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Maybe it's getting late, but I can't seem to parse your first sentence.

What is the its you are referring to when you say technology hampered its effectiveness.

Secondly, I don't believe it is widely accepted that our nature is individualistic. Individualism is a moral stance, political philosophy, ideology, social outlook.

I think the GP means that central planning was hard to pull off without modern communication tech like phones and internet. So, the western style of federated semi-autonomous regions proliferated, since it didn't depend on strong central control.

However, in the age of instant global communications, it may be that effective central planning is "better," or at least possible.

And now, the individualistic model may not be compatible with the planet-scale adjustments we need to make to prevent catastrophic environmental change.

Also, I agree individualism is not necessarily humans' natural state. We probably self-organize into loosely affiliated extended family units in the absence of imposed hierarchy, but humans are nothing if not adaptable.

Centralized planning works if leaders are "right" about things, and have a certain measure of benevolence. Many East Asian economies (Singapore, South Korea, China, Taiwan, etc.) had dictators that did the "right" thing and brought about huge economic growth.

However, centralized planning has one fatal evolutionary flaw -- any errors from the top are amplified. The biggest example of this was China closing its ports in the 1400s following imperial decree, which started China's long path to civilizational decline because it cut off trade and new ideas. (China's thinking was: we're big and diverse enough internally -- we don't need no one else. This kind of insularity always brings about downfall.)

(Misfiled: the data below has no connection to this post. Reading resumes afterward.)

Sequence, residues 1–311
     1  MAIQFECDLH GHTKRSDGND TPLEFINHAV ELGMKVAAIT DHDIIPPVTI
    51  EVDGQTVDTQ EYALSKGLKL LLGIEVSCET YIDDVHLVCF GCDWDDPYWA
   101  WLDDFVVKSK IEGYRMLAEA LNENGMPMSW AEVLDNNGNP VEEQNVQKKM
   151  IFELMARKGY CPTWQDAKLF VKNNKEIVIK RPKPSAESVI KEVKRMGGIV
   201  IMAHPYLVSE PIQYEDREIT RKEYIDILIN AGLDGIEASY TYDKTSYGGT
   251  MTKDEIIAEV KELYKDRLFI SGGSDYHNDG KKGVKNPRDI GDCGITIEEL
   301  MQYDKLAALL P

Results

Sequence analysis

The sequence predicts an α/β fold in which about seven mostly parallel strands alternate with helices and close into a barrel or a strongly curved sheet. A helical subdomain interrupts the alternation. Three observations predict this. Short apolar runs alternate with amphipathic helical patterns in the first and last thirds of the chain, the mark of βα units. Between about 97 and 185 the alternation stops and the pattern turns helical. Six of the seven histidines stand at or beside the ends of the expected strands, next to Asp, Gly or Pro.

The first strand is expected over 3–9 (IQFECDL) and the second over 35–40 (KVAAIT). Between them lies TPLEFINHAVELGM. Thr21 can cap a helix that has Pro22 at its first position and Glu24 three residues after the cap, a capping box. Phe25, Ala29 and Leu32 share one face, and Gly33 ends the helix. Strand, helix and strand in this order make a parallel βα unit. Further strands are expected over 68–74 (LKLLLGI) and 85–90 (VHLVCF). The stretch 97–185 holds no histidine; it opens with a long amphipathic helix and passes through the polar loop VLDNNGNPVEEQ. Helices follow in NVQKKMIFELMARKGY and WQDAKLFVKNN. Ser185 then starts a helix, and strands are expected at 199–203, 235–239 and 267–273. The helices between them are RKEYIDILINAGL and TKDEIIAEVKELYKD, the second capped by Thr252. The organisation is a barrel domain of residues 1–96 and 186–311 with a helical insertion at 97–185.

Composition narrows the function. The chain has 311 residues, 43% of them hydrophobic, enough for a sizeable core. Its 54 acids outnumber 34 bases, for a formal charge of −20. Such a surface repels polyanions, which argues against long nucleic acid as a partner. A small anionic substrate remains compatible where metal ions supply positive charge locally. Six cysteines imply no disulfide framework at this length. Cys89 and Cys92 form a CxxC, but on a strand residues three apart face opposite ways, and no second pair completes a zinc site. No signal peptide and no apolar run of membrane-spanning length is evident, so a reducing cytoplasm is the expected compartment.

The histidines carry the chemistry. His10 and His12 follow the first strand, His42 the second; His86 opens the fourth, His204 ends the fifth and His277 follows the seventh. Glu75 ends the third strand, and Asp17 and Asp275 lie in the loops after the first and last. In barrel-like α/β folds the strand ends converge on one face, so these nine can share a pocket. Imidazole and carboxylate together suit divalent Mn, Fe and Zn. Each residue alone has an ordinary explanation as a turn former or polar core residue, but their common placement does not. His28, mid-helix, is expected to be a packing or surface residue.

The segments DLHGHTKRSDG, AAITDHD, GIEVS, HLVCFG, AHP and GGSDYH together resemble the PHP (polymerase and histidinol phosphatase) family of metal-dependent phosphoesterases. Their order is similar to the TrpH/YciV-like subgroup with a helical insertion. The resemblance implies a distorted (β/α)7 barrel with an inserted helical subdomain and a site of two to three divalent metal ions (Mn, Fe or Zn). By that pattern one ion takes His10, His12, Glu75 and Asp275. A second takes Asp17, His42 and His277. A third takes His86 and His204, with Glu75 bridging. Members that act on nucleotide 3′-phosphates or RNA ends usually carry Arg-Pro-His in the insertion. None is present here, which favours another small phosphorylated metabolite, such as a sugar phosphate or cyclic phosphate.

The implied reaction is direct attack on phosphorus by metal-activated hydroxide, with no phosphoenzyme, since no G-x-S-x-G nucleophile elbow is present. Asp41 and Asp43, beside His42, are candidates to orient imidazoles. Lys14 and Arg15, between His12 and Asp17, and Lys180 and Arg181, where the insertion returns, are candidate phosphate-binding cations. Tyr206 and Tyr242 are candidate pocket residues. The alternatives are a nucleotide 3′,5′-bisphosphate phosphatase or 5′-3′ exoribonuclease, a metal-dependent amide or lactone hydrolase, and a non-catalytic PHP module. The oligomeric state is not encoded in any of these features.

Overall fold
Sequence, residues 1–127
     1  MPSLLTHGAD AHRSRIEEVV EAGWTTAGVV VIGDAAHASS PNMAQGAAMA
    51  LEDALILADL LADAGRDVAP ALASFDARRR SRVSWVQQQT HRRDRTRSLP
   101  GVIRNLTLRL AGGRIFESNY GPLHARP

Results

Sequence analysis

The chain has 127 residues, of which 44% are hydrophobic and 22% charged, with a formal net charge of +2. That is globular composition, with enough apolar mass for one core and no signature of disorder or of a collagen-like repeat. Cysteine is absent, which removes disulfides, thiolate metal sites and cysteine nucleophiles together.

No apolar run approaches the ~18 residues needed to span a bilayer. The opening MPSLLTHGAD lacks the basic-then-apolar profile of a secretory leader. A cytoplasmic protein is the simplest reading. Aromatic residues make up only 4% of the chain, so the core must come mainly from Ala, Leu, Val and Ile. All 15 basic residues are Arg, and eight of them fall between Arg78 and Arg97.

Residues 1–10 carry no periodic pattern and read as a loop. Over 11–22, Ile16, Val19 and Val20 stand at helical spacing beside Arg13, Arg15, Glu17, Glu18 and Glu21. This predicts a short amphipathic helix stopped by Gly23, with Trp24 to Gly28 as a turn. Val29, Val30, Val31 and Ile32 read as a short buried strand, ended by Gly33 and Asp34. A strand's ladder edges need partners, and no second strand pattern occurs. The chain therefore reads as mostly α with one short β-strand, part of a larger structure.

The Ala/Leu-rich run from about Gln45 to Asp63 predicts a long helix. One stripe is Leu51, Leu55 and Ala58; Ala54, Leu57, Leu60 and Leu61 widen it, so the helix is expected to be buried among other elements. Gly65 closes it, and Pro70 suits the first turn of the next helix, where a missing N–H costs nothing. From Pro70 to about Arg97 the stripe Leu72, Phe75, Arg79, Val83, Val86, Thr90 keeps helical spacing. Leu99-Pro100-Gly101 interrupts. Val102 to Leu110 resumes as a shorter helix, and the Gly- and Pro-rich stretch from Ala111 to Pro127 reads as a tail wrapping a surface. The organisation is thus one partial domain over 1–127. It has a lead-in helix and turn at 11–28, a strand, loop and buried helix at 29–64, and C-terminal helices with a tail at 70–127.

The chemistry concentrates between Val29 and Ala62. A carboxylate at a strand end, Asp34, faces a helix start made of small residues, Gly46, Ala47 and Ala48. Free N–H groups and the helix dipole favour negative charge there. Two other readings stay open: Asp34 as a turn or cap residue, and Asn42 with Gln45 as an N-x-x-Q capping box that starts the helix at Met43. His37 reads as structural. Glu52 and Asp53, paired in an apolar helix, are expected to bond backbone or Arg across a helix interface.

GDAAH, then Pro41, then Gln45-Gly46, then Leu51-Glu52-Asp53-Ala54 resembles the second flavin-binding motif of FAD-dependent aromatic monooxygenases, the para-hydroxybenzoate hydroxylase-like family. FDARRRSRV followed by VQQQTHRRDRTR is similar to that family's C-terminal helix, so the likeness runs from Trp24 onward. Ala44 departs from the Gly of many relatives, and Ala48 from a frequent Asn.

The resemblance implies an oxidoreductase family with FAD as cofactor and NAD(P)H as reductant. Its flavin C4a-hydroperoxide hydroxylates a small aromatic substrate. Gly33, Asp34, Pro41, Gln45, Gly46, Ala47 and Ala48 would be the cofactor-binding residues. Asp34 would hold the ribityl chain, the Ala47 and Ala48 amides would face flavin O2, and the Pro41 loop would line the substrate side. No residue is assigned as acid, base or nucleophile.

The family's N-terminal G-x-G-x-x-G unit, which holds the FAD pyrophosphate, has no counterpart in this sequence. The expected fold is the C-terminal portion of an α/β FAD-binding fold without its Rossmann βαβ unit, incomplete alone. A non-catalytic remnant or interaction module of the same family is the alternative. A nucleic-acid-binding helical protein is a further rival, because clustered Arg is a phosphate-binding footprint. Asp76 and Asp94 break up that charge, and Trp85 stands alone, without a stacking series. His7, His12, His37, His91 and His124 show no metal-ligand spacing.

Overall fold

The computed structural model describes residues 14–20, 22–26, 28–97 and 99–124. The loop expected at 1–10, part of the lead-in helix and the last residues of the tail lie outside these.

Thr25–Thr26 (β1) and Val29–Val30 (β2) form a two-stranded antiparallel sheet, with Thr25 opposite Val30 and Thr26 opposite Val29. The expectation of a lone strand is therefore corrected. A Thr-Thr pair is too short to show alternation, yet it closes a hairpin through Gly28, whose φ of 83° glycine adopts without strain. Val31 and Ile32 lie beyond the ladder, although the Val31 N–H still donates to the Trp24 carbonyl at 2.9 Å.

In Europe, because there wasn't a single monolithic power but instead many independent jurisdictions, as a whole it was more robust to errors. When a certain nation-state was on the rise, another declined, but overall there was progress. There were many golden ages, e.g. Portuguese, Spanish, Dutch and English, and they each had their time in the sun. Europe as a whole progressed.

Centralized planning is always more efficient; but if the leaders get it wrong, errors can be catastrophic.

Decentralized/democratic systems are always less efficient; but are ultimately more robust to changing environments and errors in the system. They are self-correcting to some extent.

Many successful countries start out with centralized systems, and often transition to decentralized/democratic systems (often not without some upheaval). The United States (and a few other countries) are unique in the sense that they started with a democratic ideal, but as far as I can tell they are exceptions to the norm.

Agreed. I feel modern tech could enable a style of government that combines central planning with fast cycles of democratic leadership selection, allowing a sort of "fail faster" approach to policy experimentation so-to-speak, but only when combined with a strong safety net to catch the people who fall through the mistakes.

But such a thing would probably require forming a new society from scratch. As you mentioned, the USA was the "Great Experiment" that many old-world royalists scoffed at. Maybe the time will come for another?

>However, in the age of instant global communications, it may be that effective central planning is "better," or at least possible.

And I will add one more thing other than instant global communication. Big Data. You can now have Data Real Time and see the Trend and changes being plotted in real time as well.

I also don't know what is the difference between Central Planning and Keynesian.

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